Publications (2)18.37 Total impact
Article: Qualitative and quantitative assessment of taste and smell changes in patients undergoing chemotherapy for breast cancer or gynecologic malignancies.[show abstract] [hide abstract]
ABSTRACT: Smell and taste changes during chemotherapy are significant complaints of cancer patients. Loss of olfactory/gustatory function can lead to malnutrition, weight loss, and possibly a prolonged morbidity of chemotherapy-induced adverse effects, decreased quality of life, poor compliance, and even decreased therapy response. This prospective study comprehensively investigated, to our knowledge for the first time, smell and taste changes in a cohort of 87 patients undergoing chemotherapy for breast cancer or gynecologic malignancies. Olfactory function was tested using Sniffin' Sticks (Burghart; Wedel, Germany) and gustatory function was tested using taste strips before, during, and immediately and 3 months after chemotherapy. Olfactory and gustatory function significantly decreased during chemotherapy and recovered almost completely 3 months after chemotherapy. Scores of odor thresholds were affected more than those of discrimination or identification. The olfactory function of older patients was affected more than that of younger patients. There was no difference in the olfactory function during chemotherapy with respect to the chemotherapeutic agent or initial diagnosis (breast or ovarian cancer). Regarding taste, scores of salty taste were affected more than scores of sweet, sour, or bitter taste. The gustatory function did not differ significantly during chemotherapy with respect to age or diagnosis but did differ with respect to the chemotherapeutic agent. Taxane-based chemotherapy caused the most severe disorders. Chemotherapy has a significant but transient effect on olfactory and gustatory function, possibly causing reduced appetite, a low energy intake, and weight loss. Additional spices and flavoring may compensate for this diminished chemosensory function, enhancing patient compliance and quality of life.Journal of Clinical Oncology 04/2009; 27(11):1899-905. · 18.37 Impact Factor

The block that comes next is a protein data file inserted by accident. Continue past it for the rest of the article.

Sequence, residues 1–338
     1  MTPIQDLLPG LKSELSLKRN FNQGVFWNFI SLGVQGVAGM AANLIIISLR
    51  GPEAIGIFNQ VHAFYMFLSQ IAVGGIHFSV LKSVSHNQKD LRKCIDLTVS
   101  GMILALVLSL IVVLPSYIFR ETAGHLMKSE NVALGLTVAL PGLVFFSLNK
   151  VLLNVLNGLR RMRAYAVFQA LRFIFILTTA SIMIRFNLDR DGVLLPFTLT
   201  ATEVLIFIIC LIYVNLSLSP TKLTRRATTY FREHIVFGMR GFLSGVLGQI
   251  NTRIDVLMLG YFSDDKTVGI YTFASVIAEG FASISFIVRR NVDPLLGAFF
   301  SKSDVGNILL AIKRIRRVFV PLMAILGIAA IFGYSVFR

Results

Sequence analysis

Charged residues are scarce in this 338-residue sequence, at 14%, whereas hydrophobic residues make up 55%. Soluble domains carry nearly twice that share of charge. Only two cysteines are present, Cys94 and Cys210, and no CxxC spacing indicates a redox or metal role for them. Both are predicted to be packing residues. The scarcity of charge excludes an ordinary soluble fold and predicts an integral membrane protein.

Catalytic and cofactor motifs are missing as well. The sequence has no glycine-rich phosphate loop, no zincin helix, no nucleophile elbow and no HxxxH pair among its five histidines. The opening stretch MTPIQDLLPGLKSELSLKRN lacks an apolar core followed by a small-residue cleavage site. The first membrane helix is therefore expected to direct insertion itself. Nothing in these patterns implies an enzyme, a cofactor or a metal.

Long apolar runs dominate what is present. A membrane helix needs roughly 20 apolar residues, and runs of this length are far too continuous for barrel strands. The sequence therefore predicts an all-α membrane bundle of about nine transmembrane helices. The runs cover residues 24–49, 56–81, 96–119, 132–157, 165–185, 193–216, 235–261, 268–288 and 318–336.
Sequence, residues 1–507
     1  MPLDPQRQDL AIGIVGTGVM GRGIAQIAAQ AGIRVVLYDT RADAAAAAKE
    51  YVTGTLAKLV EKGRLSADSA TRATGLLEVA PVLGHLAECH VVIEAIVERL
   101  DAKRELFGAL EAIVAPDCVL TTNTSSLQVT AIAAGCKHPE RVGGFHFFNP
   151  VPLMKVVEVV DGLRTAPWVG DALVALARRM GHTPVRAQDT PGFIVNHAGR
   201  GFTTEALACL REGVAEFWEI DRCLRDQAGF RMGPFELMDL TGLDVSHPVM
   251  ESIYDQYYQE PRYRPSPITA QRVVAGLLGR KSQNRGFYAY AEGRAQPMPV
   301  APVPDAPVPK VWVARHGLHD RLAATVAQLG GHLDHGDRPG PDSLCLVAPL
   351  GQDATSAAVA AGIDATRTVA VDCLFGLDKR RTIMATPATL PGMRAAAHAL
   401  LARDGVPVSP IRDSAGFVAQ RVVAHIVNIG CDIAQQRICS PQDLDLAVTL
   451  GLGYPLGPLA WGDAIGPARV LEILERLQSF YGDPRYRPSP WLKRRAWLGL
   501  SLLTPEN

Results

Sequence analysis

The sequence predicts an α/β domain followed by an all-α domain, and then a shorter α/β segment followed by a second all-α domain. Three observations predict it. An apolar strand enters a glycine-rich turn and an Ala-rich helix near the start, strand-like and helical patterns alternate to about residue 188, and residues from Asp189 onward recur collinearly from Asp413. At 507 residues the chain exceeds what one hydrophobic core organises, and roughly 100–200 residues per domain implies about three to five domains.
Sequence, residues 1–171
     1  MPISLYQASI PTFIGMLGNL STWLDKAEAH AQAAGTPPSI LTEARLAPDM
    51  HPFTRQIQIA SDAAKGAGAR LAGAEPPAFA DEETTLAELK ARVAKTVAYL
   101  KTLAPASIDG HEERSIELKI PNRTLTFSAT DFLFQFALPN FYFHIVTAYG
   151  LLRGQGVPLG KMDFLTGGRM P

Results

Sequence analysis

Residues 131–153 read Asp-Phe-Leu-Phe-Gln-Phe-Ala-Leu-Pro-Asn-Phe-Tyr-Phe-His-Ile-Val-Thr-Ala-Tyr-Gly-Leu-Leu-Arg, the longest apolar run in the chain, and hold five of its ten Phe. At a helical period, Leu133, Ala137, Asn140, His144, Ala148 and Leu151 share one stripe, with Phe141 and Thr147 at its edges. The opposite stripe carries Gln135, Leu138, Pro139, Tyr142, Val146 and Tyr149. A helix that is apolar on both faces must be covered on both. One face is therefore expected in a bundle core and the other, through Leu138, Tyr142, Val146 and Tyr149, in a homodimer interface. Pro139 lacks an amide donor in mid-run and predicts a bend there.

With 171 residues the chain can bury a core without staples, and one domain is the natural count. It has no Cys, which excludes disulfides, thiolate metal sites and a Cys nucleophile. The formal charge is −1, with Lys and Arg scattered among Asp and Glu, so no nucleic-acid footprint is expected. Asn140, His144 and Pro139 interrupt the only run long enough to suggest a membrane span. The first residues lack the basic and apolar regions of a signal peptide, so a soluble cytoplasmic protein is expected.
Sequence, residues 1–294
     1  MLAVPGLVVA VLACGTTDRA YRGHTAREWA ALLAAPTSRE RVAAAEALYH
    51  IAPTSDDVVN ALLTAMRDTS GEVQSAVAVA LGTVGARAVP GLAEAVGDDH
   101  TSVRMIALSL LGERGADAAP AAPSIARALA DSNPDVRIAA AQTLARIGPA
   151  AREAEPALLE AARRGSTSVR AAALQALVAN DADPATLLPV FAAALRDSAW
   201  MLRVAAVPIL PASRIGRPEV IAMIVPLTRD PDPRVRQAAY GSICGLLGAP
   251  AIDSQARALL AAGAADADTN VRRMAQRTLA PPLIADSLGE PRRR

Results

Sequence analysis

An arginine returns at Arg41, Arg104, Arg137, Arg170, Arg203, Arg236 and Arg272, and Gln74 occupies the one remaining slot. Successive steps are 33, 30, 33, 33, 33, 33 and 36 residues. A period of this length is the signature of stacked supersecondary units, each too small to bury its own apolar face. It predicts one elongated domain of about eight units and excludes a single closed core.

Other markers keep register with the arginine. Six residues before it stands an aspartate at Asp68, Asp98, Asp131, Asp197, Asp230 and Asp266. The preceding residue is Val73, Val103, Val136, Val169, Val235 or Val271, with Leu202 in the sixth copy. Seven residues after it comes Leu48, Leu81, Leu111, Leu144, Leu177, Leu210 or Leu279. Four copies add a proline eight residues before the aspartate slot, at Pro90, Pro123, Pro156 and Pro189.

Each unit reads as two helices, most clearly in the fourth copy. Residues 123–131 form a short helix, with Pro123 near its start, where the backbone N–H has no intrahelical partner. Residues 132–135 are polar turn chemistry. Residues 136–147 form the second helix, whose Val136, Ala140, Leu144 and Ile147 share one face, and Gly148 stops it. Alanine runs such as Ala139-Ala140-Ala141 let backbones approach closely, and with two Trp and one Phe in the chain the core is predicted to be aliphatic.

Article: Randomized Adjuvant Chemotherapy Trial in High-Risk, Lymph Node-Negative Breast Cancer Patients Identified by Urokinase-Type Plasminogen Activator and Plasminogen Activator Inhibitor Type 1[show abstract] [hide abstract]
ABSTRACT: Background: Most patients with lymph node-negative breast cancer are cured by locoregional treatment; however, about 30% relapse. Because traditional histomorphologic and clinical factors fail to identify the high-risk patients who may benefit from adjuvant chemotherapy, other prognostic factors are needed. In a unicenter study, we have found that levels of urokinase-type plasminogen activator (uPA) and plasminogen activator inhibitor type 1 (PAI-1) in the primary tumor are predictive of disease recurrence. Thus, we designed the Chemo N 0 prospective randomized multicenter therapy trial to investigate further whether uPA and PAI-1 are such prognostic factors and whether high-risk patients identified by these factors benefit from adjuvant chemotherapy. After 4.5 years, we present results of the first interim analysis. Methods: We studied 556 patients with lymph node-negative breast cancer. The median follow-up was 32 months. All patients with low tumor levels of uPA (≤3 ng/mg of protein) and of PAI-1 (≤14 ng/mg of protein) were observed. Patients with high tumor levels of uPA (>3 ng/mg of protein) and/or of PAI-1 (>14 ng/mg of protein) were randomly assigned to combination chemotherapy or subjected to observation only. All statistical tests were two-sided. Results: A total of 241 patients had low levels of uPA and PAI-1, and 315 had elevated levels of uPA and/or PAI-1. The estimated 3-year recurrence rate for patients with low tumor levels of uPA and PAI-1 (low-risk group) was 6.7% (95% confidence interval [CI] = 2.5% to 10.8%). This rate for patients with high tumor levels of uPA and/or PAI-1 (high-risk group) was 14.7% (95% CI = 8.5% to 20.9%) ( P = .006). First interim analysis suggests that high-risk patients in the chemotherapy group benefit, with a 43.8% lower estimated probability of disease recurrence at 3 years than high-risk patients in the observation group (intention-to-treat analysis: relative risk = 0.56; 95% CI = 0.25 to 1.28), but further follow-up is needed for confirmation. Conclusions: Using uPA and PAI-1, we have been able to classify about half of the patients with lymph node-negative breast cancer as low risk, for whom adjuvant chemotherapy may be avoided, and half as high risk, who appear to benefit from adjuvant chemotherapy.